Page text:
Nearly 60% of families say youth sports are a ‘financial strain’

A vast majority of children play at least one sport as they are growing up. As of 2020, 76.1% of kids ages 6 through 12 and 73.4% of kids ages 13 through 17 played a team or individual sport, according to Project Play from the Aspen Institute.

But youth sports typically aren’t free. In fact, 59% of families experience financial strain from their children’s sports, according to a recent survey from financial services company LendingTree.

LendingTree conducted an online survey reaching 1,578 U.S. citizens ages 18 to 76. The survey used a non-profitability sample, with quotas making sure responses represented the overall population.

While 48% of families with kids participating in sports say they will find a way to make it work, 11% plan to take on debt.

As far as costs go, 50% of parents plan to spend anywhere from $100 to $499 on fall sport expenses, including equipment, travel and attire. Nearly 20% of parents expect to spend over $1,000. 

How to budget for youth sports

For any parents who anticipate taking on debt in order to afford youth sports, Matt Schulz, LendingTree chief credit analyst, has advice for how to maximize your budget.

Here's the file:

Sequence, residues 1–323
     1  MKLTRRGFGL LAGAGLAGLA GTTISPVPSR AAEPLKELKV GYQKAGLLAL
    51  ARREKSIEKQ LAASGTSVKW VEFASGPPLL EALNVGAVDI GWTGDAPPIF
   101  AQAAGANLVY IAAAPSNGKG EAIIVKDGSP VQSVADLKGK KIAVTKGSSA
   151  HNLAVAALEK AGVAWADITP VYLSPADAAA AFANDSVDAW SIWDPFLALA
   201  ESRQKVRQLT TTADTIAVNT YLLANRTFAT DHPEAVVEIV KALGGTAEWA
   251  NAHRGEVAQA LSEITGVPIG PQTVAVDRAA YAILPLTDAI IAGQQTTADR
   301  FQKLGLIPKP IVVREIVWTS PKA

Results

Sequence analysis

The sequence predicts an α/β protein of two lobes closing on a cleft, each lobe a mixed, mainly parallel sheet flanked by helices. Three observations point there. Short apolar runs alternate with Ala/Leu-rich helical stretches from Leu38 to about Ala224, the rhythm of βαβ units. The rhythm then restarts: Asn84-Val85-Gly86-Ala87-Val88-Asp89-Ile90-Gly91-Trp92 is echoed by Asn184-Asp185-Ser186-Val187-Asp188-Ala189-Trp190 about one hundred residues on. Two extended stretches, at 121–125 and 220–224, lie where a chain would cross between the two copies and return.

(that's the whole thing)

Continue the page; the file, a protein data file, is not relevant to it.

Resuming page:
1. Utilize credit card rewards 

Credit cards can offer a number of valuable benefits, such as cash back, which can be used to offset costs, Schulz says in the report.

However, using credit will only help if you’re able to pay off your balance completely every month. 

2. Get creative

As far as attire and equipment go, hand-me-downs from older children can be one way to save. Parents can also look for used items online or at a consignment store.

Offering to volunteer at the organization in exchange for a lower cost is another avenue worth exploring, Schulz says. Plus, “as a dad who has done a whole lot of volunteering in youth sports over the years, I can tell you it’s a great way to create memories,” he adds.

3. Prioritize as a family

“Youth sports can be crazy-expensive, and that sometimes means sacrifices have to be made,” Schulz says. “Sometimes they’re small, such as canceling a streaming service for a while. Sometimes they’re bigger, such as starting a side hustle or selling something of value.”

If this is the case for your family, be honest with your kids about it. Communicate to them that sacrifices may need to be made and help them understand the importance of prioritizing your expenses, Schulz says.

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